The Great Decentralization: How Web 3.0 Will Weaken Copyrights

15 Pages Posted: 28 Feb 2016

See all articles by Nick Vogel

Nick Vogel

John Marshall Law School, Students

Date Written: December 1, 2015

Abstract

Bitcoin’s popularity increased as its value increased and people became excited about the prospect of a trustless, decentralized currency that could be used on the Internet. Within the last two years, however, people and organizations began exploiting the potential of the block chain that powers the bitcoin network. These people realized that the block chain — a transparent public ledger that cannot be altered — can be used for more than digital currency. One such organization calls itself Ethereum and its developers plan to use block chains to allow decentralized autonomous applications to operate free of government censorship or corruption. While such a network would have a profound effect on society — allowing trustless voting, uncensored social networking and the like — its impact on copyrights could be devastating. This paper argues that the emerging, decentralized Internet (also known as Web 3.0) will be the straw that breaks the copyright owner’s back. This paper argues that, with block chain technology and decentralized applications, those buying and selling unauthorized copies of copyrighted material cannot be subject to court injunctions; making enforcement of copyrights nearly impossible on a decentralized Internet. This paper then proposes that copyright holders get out in front of the problem by embracing a decentralized Internet. This can only be done by drastically reducing the price of copyright licenses. In other words, by offering cheap licenses at the dawn of Web 3.0, copyright holders can instill a sense that it’s better to be safe than sorry when it comes to the ongoing struggle between technology and copyrights.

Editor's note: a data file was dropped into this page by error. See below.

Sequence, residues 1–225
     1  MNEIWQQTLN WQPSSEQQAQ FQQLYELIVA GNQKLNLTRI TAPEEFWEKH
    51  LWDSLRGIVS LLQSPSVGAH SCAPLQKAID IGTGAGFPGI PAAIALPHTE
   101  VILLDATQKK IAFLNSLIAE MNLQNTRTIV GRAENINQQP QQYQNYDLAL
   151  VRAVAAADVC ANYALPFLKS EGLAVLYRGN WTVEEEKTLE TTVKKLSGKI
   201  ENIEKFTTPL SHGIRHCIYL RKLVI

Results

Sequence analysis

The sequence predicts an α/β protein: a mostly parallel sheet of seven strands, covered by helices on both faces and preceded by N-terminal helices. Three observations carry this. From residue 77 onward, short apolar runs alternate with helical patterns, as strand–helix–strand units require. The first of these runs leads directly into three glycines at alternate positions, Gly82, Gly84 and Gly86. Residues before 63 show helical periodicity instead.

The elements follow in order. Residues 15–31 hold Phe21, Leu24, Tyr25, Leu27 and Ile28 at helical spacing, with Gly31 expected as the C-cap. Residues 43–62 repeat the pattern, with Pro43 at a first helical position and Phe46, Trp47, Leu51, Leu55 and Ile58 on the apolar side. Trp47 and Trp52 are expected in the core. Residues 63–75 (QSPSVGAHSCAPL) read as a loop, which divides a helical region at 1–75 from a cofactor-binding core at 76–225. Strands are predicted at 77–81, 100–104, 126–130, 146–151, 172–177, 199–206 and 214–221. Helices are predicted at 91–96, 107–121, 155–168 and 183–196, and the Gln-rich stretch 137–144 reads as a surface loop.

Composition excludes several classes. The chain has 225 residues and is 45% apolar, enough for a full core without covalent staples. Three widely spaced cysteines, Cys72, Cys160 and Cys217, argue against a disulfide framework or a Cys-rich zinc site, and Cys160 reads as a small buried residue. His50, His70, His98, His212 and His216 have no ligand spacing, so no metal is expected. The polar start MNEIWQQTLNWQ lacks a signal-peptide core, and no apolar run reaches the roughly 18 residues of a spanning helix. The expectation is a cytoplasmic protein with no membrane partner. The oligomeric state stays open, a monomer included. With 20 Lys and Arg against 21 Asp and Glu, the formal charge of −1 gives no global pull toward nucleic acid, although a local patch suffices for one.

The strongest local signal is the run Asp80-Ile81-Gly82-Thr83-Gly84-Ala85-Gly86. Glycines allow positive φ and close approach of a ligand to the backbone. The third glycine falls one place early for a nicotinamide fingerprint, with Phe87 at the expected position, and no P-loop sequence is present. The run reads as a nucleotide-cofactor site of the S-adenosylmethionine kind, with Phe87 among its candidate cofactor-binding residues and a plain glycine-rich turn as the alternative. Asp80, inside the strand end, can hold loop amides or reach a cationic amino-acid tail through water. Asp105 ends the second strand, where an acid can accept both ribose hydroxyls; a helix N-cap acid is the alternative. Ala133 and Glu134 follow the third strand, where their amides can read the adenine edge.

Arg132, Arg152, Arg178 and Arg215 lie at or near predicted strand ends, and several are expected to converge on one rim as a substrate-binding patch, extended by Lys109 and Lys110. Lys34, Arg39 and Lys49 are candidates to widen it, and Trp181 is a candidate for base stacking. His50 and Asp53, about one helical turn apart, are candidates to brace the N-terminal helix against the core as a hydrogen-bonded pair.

Keywords: blockchain clock chain Ethereum Copyrights Bitcoin

Suggested Citation

Vogel, Nick, The Great Decentralization: How Web 3.0 Will Weaken Copyrights (December 1, 2015). John Marshall Review of Intellectual Property Law, Vol. 15, No. 1, 2016. Available at SSRN: https://ssrn.com/abstract=2738357

Nick Vogel (Contact Author)

John Marshall Law School, Students ( email )

Chicago, IL
United States

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